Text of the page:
All of CGN's reactors are based on French technology. Most have evolved from the first 900MWe units that were exported by Framatome in the '80s for Daya Bay. The CPR-1000 design is described as a "significantly upgraded version" of those first M310 units, which were based on Graveline's 5 and 6 in France. There are 15 CPR-1000 units under construction at six different sites in China. The reactor types include:
- CPR1000: a 1,086MWe capacity, three-loop PWR it has a design life that could extend beyond 40 years as a result of efforts to reduce impurities (such as copper, sulphur and phosphorous) in the reactor pressure vessel (RPV) material. Other changes to the original M310 design include eliminating a welded joint in the RPV, which shortens production time and eliminates the need to inspect the weld during operation.
- ACPR1000: the design has ten major technical improvements over its predecessor the CPR-1000, according to CGN, among them greater capacity, simplified reactor chemical and volume control system, optimised distributed control system, enhanced mitigation capacity of nuclear steam supply system, longer design life and improved resistance to external events. In parallel with its own line of reactors, CGN is the majority partner (51%) in a project to build two 1,750MW AREVA EPR reactors at the Taishan site in Guangdong province, with EDF (30%) and Yudean Group (19%).
State-owned CNNC, whose primary territory is mainly on the east coast near Shanghai and Zhejiang province, has led the development of a line of reactor technology named CNP. In the past, CNNC has also imported reactors from Canada (CANDU 6) at Qinshan III. It also operates two VVER-1000 reactors at Tianwan, and is developing two more at the same site.
The company's reactor development started in the '70s when the Shanghai Nuclear Engineering Research and Design Institute (SNERDI), part of CNNC, began work to develop a small indigenous reactor based on a submarine reactor. The result was the 300MW, single-loop CNP-300 PWR, which was first built at Qinshan 1 (start-up in 1991). The most recent CNNC reactor design to enter operation is the CNP-600, a 650MW, two-loop PWR: The details of the reactors include:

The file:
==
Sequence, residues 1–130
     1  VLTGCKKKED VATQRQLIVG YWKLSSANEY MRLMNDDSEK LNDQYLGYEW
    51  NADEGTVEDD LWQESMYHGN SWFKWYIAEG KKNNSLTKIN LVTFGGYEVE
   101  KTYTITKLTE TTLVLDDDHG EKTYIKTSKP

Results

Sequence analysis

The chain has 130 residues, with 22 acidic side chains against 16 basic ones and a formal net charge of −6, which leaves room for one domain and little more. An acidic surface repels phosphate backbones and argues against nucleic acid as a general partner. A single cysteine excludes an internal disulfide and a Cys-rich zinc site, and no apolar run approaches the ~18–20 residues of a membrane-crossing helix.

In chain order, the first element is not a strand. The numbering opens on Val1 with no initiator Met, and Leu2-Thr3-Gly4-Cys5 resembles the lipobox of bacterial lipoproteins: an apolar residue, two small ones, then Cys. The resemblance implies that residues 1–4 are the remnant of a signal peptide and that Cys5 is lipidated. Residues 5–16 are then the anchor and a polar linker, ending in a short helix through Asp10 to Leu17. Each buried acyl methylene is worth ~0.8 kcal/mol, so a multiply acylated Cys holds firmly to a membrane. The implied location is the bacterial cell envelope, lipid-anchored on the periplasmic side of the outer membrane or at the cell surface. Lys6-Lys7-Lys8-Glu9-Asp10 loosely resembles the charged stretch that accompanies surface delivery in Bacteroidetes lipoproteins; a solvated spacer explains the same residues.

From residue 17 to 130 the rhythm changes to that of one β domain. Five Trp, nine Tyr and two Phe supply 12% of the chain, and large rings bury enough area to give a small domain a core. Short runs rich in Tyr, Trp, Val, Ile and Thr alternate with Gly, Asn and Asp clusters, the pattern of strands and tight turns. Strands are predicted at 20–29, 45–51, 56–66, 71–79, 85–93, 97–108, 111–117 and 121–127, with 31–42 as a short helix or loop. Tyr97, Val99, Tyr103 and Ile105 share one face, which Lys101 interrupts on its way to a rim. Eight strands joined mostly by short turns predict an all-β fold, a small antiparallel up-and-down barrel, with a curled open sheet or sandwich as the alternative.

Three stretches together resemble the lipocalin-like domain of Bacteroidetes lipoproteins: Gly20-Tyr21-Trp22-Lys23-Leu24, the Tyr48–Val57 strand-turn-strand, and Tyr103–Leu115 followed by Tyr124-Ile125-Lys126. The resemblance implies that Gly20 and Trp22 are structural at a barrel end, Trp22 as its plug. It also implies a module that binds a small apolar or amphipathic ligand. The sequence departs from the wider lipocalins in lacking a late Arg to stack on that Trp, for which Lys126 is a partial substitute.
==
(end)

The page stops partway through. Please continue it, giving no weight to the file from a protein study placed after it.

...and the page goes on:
- CNP-600 and ACP-600: classified as a generation II reactor design, the first CNP-600 reactor began operation at Qinshan II-1 in 2002, and the most recent startup was Qinshan II-4 in December 2011. Changjiang 1 and 2 are the only two CNP-600s under construction. However, CNNC is developing an advanced version, named the ACP-600.
- ACP-1000: CNNC began work on this in the '90s with the help of vendors Westinghouse and Framatome (now AREVA). The first CNP-1000 units were due to be built at Fangjiashan; however, the design was changed to a CPR-1000. CNNC's focus switched to the development of a more advanced generation-III version of the CNP-1000, the ACP-1000. In 2013, China announced that it had independently developed this three-loop PWR with Chinese authorities claiming full intellectual property (IP) rights over the design. China's current aim is to only build generation III and generation IV projects after 2015.
CNNC had planned two ACP-1000 units for Fuqing 5 and 6 in Fujian province. However, it is now thought that the newer ACC1000 design (see below) will be built there instead.
That means CNNC's first ACP-1000 could be exported, as it is planned for Pakistan's Karachi Coastal nuclear power project.
Joint offering: ACC1000
CGN and CNNC are working together in a 50-50 partnership on a third-generation nuclear power plant, which they claim will have independent IP rights. This 1,150MW design will combine the ACPR-1000 (CGN) and ACP-1000 (CNNC) designs. It is also referred to as ACC1000 or Hualong-1000. According to CGN, a demonstration project is planned for Fangchenggang phase II. In addition, it might be chosen for Fuqing 5 and 6.
SNPTC: AP1000 to CAP1000
SNPTC is the national body responsible for the transfer of generation III nuclear power technology into China. SNPTC is majority owned (60%) by the State Council. CNNC, CPI, CGNPC and China National Technical Import & Export Corporation each hold a 10% stake. Since its inception in 2007, SNPTC has included the SNERDI, formerly part of CNNC, as an R&D arm.